For a couple of days, the grebes hung around the abandoned nest, then apparently gave up on it. They have now moved downriver towards the Benchlands area and are now hovering near and entering a stand of tules near the south end of a small channel between the Chinatown Bridge and the Soquel Bridge, on the West Bank. Sadly, that is just where the tractors and chainsaws are moving next, probably this week. I saw two of them enter there just this morning around 7:30 a.m. Will they try to build a new nest? It is late in the season. The biologist Gary Kittleson is also monitoring the situation and will continue notify the City.
I just want to add that the sand bar itself is not an entirely natural phenomenon but one that is also affected by human activity. As I understand it, the annual buildup of sand at the San Lorenzo river mouth is caused by a phenomenon called littoral drift, in which sand is transported along the length of an ocean shore because of wave action. This natural flow of sediment along our coast is partially blocked by the jetties built out from the Santa Cruz Harbor. This exerts backward pressure, increasing the amount of sand that collects at the San Lorenzo River Mouth, thus exacerbating the annual sand bar problem. Our problem occurs when the water rises. Podilymbus and Podiceps suffer when the water is suddenly and unpredictably pulled out from underneath them.
I know you have felt discouraged, Jane, by the annual actions of Public Works. But, to tell the truth, in spite of everything terrible that happens each year, I have actually felt this season that we are making progress. Here is a list of the things that have changed for the better during the four years we have been working together with the Department:
On the upper reach, north of the Water St. Bridge, the Department now protects 15 feet of vegetation along the riverbank, as required by City Documents, rather than the 5 feet originally protected.
A biologist now instructs the mowing crew on the specifications of what to cut and what not to cut, rather than leaving it to the foreman of the crew.
For the first time this year, the 15 feet is flagged by someone from the Public Works Department, rather than the foreman of the crew.
For the first time this year, some native shrubbery and perennials – in areas normally scalped to the ground – were flagged for protection
So far we have been able to protect Riverbend Park – where large cottonwoods and alders were originally slated for removal.
So let’s stay hopeful and work hard next year to (1) get a later start date, (2) require removal of invasives like the pampas grass we have seen, and (3) flag more natives for protection.
On a positive note, I saw my first kestrel on the river two days ago – thanks to Michael
Levy who recognized the call and pointed the adult male out to me as it landed in a nearby redwood tree. This was one of the birds that Alex Rinkert of the Breeding Bird Atlas project asked us to especially look out for on the River. These birds formerly nested along the San Lorenzo River but haven’t been observed or reported for several years. Could it have a nest nearby?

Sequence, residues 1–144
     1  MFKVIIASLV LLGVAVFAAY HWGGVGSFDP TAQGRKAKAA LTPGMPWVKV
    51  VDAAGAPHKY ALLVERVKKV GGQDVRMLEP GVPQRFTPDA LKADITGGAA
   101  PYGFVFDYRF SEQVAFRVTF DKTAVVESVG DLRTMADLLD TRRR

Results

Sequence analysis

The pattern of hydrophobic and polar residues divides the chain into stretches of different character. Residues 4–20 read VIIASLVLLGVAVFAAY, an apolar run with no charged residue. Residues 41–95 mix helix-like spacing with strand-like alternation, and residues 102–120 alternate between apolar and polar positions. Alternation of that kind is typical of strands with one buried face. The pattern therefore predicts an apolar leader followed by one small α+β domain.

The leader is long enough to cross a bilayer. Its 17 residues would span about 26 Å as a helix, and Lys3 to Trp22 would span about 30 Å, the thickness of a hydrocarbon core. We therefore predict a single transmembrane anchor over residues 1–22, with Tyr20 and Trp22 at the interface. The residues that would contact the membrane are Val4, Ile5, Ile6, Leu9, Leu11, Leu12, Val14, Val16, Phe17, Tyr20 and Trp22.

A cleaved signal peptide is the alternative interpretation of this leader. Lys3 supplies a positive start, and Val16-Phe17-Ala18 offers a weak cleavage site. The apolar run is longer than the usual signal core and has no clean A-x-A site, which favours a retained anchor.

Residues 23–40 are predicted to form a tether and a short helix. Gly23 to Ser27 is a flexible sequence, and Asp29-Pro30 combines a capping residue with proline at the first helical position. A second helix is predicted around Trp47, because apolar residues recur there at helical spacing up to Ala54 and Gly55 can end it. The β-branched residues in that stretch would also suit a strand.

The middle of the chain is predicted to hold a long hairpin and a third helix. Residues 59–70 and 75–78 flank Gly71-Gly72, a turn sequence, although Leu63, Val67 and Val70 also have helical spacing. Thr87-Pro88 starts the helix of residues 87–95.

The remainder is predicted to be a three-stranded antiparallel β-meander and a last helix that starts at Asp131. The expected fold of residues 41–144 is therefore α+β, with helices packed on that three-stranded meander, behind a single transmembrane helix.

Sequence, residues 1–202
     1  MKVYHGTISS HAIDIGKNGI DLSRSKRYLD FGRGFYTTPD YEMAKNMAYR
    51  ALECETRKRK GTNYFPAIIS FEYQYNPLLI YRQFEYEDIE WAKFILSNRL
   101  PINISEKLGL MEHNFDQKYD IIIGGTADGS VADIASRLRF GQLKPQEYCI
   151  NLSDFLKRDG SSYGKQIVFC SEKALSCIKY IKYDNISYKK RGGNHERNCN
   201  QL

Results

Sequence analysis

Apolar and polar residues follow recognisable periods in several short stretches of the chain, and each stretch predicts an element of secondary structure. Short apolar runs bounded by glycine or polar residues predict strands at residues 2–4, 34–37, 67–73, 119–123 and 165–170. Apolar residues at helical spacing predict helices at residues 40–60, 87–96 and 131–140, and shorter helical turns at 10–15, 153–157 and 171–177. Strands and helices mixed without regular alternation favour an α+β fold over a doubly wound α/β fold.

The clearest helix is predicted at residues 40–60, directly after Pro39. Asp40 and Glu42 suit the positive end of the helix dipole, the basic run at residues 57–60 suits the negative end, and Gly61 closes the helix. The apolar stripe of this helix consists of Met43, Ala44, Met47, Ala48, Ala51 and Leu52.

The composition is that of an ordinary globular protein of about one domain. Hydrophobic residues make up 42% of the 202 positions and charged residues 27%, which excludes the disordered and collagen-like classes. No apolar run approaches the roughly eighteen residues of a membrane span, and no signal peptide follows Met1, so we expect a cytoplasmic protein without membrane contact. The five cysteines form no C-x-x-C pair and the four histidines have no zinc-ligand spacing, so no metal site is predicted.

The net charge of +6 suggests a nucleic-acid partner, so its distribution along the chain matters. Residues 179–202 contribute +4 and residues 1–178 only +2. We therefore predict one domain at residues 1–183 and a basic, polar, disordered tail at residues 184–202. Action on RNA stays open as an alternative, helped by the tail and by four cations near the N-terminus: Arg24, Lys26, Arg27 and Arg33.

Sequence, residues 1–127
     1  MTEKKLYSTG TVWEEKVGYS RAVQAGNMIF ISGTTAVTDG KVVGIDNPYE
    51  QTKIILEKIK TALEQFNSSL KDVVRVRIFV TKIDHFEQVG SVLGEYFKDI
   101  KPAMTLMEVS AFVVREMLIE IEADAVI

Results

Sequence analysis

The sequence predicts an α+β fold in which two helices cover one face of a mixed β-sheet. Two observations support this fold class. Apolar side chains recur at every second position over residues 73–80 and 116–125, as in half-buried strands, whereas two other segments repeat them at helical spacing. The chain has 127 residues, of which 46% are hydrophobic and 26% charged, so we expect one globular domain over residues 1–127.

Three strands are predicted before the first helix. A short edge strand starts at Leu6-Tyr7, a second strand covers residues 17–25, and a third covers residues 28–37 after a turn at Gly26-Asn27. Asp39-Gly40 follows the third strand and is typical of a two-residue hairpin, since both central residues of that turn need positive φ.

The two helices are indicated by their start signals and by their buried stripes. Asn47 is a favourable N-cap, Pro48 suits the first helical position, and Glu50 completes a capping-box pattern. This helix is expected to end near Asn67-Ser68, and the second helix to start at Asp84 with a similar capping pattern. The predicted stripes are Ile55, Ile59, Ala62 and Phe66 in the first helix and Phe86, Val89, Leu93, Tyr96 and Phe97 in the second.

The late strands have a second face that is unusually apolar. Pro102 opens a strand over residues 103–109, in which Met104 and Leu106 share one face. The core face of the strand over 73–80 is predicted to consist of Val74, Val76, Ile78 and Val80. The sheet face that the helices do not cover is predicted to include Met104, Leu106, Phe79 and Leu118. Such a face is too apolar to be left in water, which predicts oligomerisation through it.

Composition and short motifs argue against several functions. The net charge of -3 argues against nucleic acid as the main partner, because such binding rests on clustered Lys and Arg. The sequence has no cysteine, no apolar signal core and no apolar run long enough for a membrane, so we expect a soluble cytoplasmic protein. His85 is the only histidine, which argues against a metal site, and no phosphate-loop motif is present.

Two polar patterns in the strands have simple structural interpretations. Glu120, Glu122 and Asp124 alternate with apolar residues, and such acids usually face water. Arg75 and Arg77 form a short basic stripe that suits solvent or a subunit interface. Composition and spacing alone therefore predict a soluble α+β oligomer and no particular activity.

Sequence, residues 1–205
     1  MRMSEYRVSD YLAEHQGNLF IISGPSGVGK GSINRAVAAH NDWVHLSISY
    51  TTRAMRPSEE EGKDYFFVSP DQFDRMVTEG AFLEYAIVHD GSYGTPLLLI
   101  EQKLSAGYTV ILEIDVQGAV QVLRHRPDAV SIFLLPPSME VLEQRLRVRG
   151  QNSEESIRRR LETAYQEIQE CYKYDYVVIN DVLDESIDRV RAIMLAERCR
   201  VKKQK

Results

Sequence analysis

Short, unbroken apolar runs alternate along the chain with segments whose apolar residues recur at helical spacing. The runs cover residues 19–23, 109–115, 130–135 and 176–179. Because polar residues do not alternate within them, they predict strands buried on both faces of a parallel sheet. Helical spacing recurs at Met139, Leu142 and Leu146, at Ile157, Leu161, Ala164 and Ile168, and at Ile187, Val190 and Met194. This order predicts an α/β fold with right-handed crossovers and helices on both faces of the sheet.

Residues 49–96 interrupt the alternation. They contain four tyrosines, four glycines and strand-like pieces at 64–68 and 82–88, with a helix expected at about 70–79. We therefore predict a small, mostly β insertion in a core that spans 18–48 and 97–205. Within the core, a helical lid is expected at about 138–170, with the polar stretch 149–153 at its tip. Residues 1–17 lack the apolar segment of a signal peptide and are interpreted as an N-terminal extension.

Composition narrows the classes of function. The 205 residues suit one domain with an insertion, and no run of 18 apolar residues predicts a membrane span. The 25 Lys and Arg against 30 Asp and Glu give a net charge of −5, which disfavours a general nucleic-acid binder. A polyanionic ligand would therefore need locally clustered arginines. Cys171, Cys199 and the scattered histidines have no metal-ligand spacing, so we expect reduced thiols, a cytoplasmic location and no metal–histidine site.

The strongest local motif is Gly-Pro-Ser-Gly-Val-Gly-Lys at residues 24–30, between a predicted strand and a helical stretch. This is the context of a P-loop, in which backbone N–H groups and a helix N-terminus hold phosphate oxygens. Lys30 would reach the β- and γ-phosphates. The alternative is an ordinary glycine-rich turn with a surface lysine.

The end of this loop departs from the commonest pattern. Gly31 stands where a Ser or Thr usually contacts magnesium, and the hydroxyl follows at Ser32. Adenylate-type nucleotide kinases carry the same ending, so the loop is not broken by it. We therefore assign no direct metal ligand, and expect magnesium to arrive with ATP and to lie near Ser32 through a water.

One day later I found this mosaic of a kestrel by the amazingly prolific and bird-conscious artist Kathleen Crocetti. It wasn’t far from where I saw the real bird, on the wall separating Front St. from the river, across from Trader Joe’s. The permanent exhibit includes 80 (!) bird mosaics, mostly by Kathleen’s students, as well as lots more of fish and insects. It must have been fun to break all those plates!
Let us all keep our eyes open for anything and everything . There’s way more to see on our River than people dream of.
Remember my last post about the dive crazed, shy Long-tailed DUCK? Well, that very same little, compact DUCK adjusted nicely to the feathered river life rhythm. It floated relaxed on the water, curiously eyeing the birders, who flocked to the levee to see its rare appearance. My birder friend wanted to see it. So we headed to the spot, where I had seen the DUCK for the last few days, sunbathing on a rock close to the shore. And sure enough: there was the LONG-tailed DUCK, snoozing the morning away. As we admired it, one eye opened, took us in and closed again. A young MERGANSER was circling the coveted sun spot, obviously hoping for a friendly rock sharing experience. The feathered teenager came slowly closer, casually hung out next to the enticing rock then ever so gingerly climbed up, clinging to the rock’s edge. A few seconds later the MERGANSER sought a more cozy position, which entailed turning its back towards the rock owner, who gave it a thorough examination, decided that sight was not appropriate and delivered a well aimed, feisty peak to that derrière. The MERGANSER wagged the tail and didn’t take the hint to move it. So the attacks were repeated until the intruder got the message and slid off the boulder. Satisfied the LONG-tailed DUCK watched the rude guest swim off to smaller lounging place, never ever getting up from its resting repose.